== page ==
New cadaver technology comes to WSCC
That’s the maxim those teaching anatomy and physiology have had to live by for many years.
“It’s still a great tool to have cadavers and a cadaver lab to teach and show students where different muscles are,” explained Trisha Schaad, a professor of nursing at Washington State Community College.
But students now signing up for classes at the Marietta campus will see more than just two cadavers when taking anatomy classes at the community college–and they won’t be limited by the one-cut rule as they’re learning.
There’s a room in the health sciences area which is being converted into a different sort of lab, though with the human body still at its focus.
On a table the size of a gurney sits a touchscreen display, loaded with each layer, system, organ and bone of the human body.
“This is complementary, a virtual cadaver that allows more interaction with the students,” described Dr. Heather Kincaid, dean of health sciences. “Really the applications within health sciences are limited only by the instructor’s imagination and time to load and apply to their classes.”
Schaad said the school obtained the Anamotage Table last summer and instructors spent the fall semester getting trained on its capabilities and planning its uses within nursing, physical therapy and massage therapy.
“But there’s even a turtle and a dog on here, so there’s a veterinary application available, too,” added Kincaid.
The table is essentially a human-sized iPad or tablet, with the capability to turn over the human subject, visualize each system from circulatory to nervous, and to interact with each organ.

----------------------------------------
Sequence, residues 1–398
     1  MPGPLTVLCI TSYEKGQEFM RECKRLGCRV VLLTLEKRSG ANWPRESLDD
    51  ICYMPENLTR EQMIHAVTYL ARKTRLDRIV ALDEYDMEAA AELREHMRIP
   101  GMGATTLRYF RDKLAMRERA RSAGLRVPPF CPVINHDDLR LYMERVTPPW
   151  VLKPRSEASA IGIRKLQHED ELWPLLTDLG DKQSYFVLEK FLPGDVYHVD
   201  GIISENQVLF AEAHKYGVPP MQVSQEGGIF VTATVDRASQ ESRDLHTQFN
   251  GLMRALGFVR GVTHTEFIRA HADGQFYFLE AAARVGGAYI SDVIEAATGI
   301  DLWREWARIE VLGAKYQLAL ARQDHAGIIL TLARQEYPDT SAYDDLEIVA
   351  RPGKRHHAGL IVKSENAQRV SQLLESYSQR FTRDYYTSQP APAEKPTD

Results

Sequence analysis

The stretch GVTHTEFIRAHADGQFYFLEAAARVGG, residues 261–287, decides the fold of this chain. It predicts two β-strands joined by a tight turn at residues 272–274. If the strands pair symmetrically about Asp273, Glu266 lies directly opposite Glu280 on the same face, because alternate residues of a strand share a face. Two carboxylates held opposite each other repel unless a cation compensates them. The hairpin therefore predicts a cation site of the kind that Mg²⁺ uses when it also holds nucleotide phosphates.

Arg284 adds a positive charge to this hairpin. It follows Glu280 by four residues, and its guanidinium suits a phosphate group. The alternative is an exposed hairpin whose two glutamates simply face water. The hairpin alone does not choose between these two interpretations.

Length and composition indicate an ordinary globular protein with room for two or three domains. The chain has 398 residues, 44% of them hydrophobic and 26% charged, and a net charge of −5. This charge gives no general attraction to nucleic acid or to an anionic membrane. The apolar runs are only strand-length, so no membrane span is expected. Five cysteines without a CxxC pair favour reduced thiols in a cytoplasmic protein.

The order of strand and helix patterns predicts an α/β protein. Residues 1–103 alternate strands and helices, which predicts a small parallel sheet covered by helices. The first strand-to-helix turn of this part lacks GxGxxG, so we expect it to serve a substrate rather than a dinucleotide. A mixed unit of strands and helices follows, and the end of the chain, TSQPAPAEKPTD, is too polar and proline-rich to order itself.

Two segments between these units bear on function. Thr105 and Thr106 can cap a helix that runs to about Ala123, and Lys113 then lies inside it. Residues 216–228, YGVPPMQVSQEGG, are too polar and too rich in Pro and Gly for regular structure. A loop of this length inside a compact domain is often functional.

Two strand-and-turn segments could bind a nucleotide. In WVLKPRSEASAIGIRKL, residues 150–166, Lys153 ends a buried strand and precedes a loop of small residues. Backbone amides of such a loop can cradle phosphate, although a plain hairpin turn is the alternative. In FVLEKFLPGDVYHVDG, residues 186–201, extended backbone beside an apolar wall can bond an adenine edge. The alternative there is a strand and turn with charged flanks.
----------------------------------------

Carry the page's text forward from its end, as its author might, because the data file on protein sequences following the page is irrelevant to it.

“We can do a fly-through, say of the heart,” Kincaid explained. “It reminds me of the Magic School Bus show my kids used to watch.”
One can even watch blood flow occur, pumping out from the heart to the fingertips.
And its application in interactive learning has Schaad excited.
“I can place pins all over a body, having students identify the landmarks on the skin while then peeling back the layers to see why those landmarks indicate where we’re going,” she explained as she pointed out layers of muscle making up the male cadaver’s backside. “That can be a quiz or an exam, or even in open student labs they can come in and make it a game as they learn these different structures.”
The table is only the first of a goal for investment in the health services department of the college, too.
“It was about $100,000 but we’re looking for more because the table can be linked to more screens,” Kincaid explained. “Right now you’re limited by how many students you can fit around the table. But if we can get the funds to put up screens around the room then we can have a PowerPoint on one with the material, with other screens showing more of what’s happening on the table so more students can watch.”
The table even has the capability for high-definition screenshots to be taken, allowing for quizzing and exams to integrate the program online.
“What’s also neat about this is each body that’s loaded into the program was an actual person who donated their body to science,” said Kincaid.
That means the virtual cadavers aren’t “perfect” human specimens. Some had cancer or other diseases which can be explored interactively through the table.
Another feature which is only available in this form of virtual reality is the release of gravity constraints.
“I can unlock the table and stand this up,” explained Schaad as she pulled two levers and stood the screens vertically. “Now we can again get a feel for the size of the patient or see how the impacts we were talking about in that cross-section apply.”
Classes officially start at the community college Tuesday, but Kincaid pointed out enrollment continues for this semester through Thursday.